FMARS-15 Crew Journalist Report 24-07-2023

 In Journalist Report

Crew Journalist Report – Sol 1: Preparing the Hab

By D. Terry Trevino

Devon Island, Arctic – It’s Sol one on Devon Island, and Crew 15 is embracing the challenges and excitement of rehabilitating the research station owned and operated by The Mars Society. The commanding officer, Andrew Wheeler, reminded us this morning that we are a team of five, standing united on this remote and desolate outpost. Our mission here echoes the spirit of exploration from Commander Wheeler’s era, and today, as the sun traversed over the icy horizon to its morning location, we couldn’t help but feel a connection to humanity’s audacious journeys to the stars.

After a hearty breakfast that would make any astronaut envious, we began our day’s work. Our commanding officer had meticulously planned the tasks for the day, ensuring everything ran smoothly. From cleaning the spacesuits and practicing Extra-Vehicular Activities (EVAs) to learning the delicate art of donning and doffing our analog space suits, the crew was eager to tackle every challenge.

We have developed a camaraderie with the generators that keep this place humming with life. Affectionately named Genny, Bambi, Rachel, and Colin, each generator has its quirks, reminding us that even the machines on this distant isle have a story to tell. Unfortunately, during the evening meal prep, we encountered a fuel line leak in Genny, a casualty of six years of battling the harsh Arctic elements. But our resourceful crew engineer lead, Caleb Pool, and his skilled companion, Andy Greco, are already hard at work resolving the issue. Caleb worked diligently throughout the day, repairing the analog space suits.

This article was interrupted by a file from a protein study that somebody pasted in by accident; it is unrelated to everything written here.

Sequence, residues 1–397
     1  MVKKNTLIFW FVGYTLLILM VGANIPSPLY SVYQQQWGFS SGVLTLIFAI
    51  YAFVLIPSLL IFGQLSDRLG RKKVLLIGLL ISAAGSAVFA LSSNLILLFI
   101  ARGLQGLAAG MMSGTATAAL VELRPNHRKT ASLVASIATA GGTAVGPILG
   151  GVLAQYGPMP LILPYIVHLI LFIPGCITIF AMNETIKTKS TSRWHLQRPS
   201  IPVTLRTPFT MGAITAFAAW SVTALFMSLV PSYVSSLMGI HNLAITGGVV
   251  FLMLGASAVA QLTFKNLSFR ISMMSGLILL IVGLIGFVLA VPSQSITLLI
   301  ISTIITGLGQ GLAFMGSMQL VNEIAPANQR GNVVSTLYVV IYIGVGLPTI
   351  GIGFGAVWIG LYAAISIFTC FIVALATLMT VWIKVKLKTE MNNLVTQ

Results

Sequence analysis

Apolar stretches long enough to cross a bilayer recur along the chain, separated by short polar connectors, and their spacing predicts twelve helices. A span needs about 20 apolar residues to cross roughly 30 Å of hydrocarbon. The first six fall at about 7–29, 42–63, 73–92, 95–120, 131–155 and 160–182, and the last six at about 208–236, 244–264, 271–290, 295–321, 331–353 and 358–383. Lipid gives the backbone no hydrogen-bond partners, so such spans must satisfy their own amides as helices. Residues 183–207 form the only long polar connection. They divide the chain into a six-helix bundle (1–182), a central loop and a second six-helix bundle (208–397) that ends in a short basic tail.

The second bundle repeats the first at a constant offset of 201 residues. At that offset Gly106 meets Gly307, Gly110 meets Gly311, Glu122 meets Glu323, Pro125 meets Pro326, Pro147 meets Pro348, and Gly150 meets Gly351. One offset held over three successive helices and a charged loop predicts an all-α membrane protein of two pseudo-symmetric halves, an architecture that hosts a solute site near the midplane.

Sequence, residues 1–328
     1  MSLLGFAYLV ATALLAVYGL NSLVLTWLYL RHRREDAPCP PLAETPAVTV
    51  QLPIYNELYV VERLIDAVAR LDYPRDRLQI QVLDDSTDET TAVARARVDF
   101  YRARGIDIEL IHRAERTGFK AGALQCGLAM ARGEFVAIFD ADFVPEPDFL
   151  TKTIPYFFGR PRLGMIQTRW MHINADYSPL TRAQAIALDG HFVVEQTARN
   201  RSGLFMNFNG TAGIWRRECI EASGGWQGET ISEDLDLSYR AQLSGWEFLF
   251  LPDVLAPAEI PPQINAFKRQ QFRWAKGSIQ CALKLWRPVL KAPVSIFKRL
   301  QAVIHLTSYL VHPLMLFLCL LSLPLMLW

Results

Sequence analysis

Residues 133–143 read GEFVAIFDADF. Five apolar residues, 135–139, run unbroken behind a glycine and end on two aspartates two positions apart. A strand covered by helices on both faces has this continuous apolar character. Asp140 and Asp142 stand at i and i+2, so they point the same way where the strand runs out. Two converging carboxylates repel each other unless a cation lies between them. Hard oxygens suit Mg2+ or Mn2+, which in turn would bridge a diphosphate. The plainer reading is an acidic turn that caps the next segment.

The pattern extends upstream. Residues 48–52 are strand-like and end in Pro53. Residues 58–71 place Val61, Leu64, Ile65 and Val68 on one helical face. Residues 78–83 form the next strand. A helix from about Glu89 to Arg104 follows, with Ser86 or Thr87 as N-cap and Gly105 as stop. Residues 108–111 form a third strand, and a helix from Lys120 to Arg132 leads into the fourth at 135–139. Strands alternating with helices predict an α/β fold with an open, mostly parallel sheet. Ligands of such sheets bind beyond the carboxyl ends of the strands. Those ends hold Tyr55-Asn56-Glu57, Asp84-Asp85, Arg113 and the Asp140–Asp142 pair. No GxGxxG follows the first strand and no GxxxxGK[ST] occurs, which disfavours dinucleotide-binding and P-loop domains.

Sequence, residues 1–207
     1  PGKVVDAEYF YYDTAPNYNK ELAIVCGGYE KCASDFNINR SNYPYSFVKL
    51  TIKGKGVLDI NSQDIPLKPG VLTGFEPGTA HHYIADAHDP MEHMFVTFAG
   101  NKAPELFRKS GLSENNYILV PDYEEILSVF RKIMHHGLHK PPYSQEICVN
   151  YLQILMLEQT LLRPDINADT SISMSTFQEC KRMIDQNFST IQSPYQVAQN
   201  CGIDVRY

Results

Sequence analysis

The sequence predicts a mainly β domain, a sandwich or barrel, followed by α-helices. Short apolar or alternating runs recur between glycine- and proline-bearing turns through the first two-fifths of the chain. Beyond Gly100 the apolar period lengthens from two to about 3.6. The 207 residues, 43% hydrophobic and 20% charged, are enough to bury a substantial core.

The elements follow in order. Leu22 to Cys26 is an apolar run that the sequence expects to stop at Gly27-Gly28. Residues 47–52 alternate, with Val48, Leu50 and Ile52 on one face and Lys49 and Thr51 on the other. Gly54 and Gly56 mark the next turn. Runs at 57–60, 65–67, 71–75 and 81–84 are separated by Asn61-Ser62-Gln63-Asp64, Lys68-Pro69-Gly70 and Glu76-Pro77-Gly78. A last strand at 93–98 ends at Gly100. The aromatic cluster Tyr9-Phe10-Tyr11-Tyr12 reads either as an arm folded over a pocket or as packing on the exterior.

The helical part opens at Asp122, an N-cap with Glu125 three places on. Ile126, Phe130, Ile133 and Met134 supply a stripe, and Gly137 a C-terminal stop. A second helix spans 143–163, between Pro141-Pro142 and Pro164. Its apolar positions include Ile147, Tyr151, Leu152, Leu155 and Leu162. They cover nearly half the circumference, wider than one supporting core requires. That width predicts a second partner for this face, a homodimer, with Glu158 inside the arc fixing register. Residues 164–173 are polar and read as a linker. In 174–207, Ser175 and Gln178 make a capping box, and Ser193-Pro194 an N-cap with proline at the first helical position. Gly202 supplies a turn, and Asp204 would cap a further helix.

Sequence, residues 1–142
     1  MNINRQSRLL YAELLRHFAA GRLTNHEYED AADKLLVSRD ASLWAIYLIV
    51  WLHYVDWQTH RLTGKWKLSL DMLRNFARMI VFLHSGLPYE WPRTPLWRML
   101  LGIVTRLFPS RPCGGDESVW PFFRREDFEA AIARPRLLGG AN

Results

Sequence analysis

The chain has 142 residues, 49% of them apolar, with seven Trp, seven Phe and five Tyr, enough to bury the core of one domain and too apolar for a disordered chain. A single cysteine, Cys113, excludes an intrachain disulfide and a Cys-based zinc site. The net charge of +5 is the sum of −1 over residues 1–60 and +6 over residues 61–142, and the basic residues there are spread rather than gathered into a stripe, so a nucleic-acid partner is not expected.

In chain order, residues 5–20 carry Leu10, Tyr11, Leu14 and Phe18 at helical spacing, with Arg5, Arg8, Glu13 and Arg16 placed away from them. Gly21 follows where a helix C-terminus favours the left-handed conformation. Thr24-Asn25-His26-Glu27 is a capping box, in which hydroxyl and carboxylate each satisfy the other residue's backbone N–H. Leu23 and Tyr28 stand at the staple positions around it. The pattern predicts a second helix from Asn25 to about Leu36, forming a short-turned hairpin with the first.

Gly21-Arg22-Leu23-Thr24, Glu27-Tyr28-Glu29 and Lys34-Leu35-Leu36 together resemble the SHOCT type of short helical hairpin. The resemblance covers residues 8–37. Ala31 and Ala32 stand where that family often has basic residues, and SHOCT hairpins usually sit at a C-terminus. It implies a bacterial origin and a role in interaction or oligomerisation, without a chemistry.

The science team, led by the brilliant Chief Science Officer, Ms. Olivia Drayson, and the versatile XO and Mission Scientist, Mr. Terry Trevino, embarked on a mission to collect water from the creek below the HMP landing strip. Water is life; here, it’s a precious resource we must cherish. Commander Wheeler expressed concern over the creek’s decreasing water levels, a reminder that even the most stable elements can be fickle in this Arctic landscape.

For lunch, we indulged in rehydrated soup mixed with creek water from the previous day and enjoyed a delicacy we affectionately dubbed “luncheon meat,” which, despite its humble name, warmed our spirits and provided much-needed sustenance. The best part of our lunch was the freshly baked British bread that CSO Drayson threw together. So tasty!

As we ventured into the afternoon, the crew took a moment to practice meditation, which is essential for maintaining our mental well-being in this isolated environment. Our Garmin watches kept a keen eye on our heart rate variability, ensuring we find harmony amidst the solitude.

One of our paramount tasks is monitoring Hab CO2 levels, as ensuring our living space remains safe and breathable is critical for a successful mission. Safety is always at the forefront of our minds.

As the day winds down, we take a moment to look ahead to the challenges that await us. Our experienced crew is well-prepared to face whatever anomalies and surprises the Arctic may throw our way. While we haven’t embarked on any EVAs yet, we eagerly anticipate the day we’ll step out into this Martian-like terrain.

The physical health of the crew is excellent, with only minor scrapes and muscle strains from the hard work we’ve accomplished over the past nine days. We remain vigilant about our well-being, knowing that we depend on each other for our success.

We conclude our first sol on Devon Island, knowing we have many more adventures ahead. The support of The Mars Society has been invaluable, and we look forward to sharing our discoveries and experiences with them as we continue to rehabilitate and explore this remote outpost.

Signing off from the Red Planet simulation on Devon Island,

D. Terry Trevino

Crew Journalist, Crew 15